Validation of gait event detection by centre of pressure during target stepping in healthy and paretic gait

Van der veen, S, Hammerbeck, U, Baker, RJ ORCID: and Hollands, KL ORCID: 2018, 'Validation of gait event detection by centre of pressure during target stepping in healthy and paretic gait' , Journal of Biomechanics, 79 , pp. 218-222.

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Background: Target-stepping paradigms are increasingly used to assess and train gait adaptability. Accurate gait-event detection (GED) is key to locating targets relative to the ongoing step cycle as well as measuring foot-placement error. In the current literature GED is either based on kinematics or centre of pressure (CoP), and both have been previously validated with young healthy individuals. However, CoP based GED has not been validated for stroke survivors who demonstrate altered CoP pattern.
Methods: Young healthy adults and individuals affected by stroke stepped to targets on a treadmill, while gait events were measured using three detection methods; verticies of CoP cyclograms, and two kinematic criteria, 1) vertical velocity and position and of the heel marker, 2) anterior velocity and position of the heel and toe marker, were used. The percentage of unmatched gait events was used to determine the success of the GED method. The difference between CoP and kinematic GED methods were tested with two one sample (two-tailed) t-tests against a reference value of zero. Differences between group and paretic and non-paretic leg were tested with a repeated measures ANOVA.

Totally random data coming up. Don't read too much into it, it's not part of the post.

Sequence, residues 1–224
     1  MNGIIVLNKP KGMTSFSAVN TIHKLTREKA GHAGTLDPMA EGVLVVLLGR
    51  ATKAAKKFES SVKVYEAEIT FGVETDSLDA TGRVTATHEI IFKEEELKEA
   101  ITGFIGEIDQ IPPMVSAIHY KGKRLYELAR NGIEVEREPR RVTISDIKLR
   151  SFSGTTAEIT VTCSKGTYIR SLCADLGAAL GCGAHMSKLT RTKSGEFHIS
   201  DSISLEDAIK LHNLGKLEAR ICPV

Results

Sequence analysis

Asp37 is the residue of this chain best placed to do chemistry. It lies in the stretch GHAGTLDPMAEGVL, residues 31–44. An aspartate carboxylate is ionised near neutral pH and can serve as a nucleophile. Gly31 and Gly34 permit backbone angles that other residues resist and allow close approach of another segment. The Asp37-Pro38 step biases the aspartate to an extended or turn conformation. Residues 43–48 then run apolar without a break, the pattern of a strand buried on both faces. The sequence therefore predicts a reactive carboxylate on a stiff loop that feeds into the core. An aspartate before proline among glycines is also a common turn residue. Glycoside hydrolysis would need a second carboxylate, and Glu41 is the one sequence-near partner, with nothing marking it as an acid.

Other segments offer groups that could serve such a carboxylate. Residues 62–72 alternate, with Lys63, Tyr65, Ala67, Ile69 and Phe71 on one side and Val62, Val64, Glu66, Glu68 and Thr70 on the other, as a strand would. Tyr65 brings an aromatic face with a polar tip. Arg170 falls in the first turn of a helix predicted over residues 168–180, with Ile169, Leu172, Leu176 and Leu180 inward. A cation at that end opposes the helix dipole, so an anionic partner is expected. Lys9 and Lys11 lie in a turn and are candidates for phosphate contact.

Results: The kinematic method based on vertical velocity only detected about 80% of foot contact events on the paretic side in stroke survivors while the method on anterior velocity was more successful in both young healthy adults as stroke survivors (3% young healthy and 7% stroke survivors unmatched). Both kinematic methods detected gait events significantly earlier than CoP GED (p<0.001) except for foot contact in stroke survivors based on the vertical velocity.
Conclusions: CoP GED may be more appropriate for gait analyses of SS than kinematic methods; even when walking and varying steps.

Item Type: Article
Schools: Schools > School of Health and Society > Centre for Health Sciences Research
Journal or Publication Title: Journal of Biomechanics
Publisher: Elsevier
ISSN: 0021-9290
Related URLs:
Depositing User: K Hollands
Date Deposited: 03 Aug 2018 10:29
Last Modified: 15 Feb 2022 23:35

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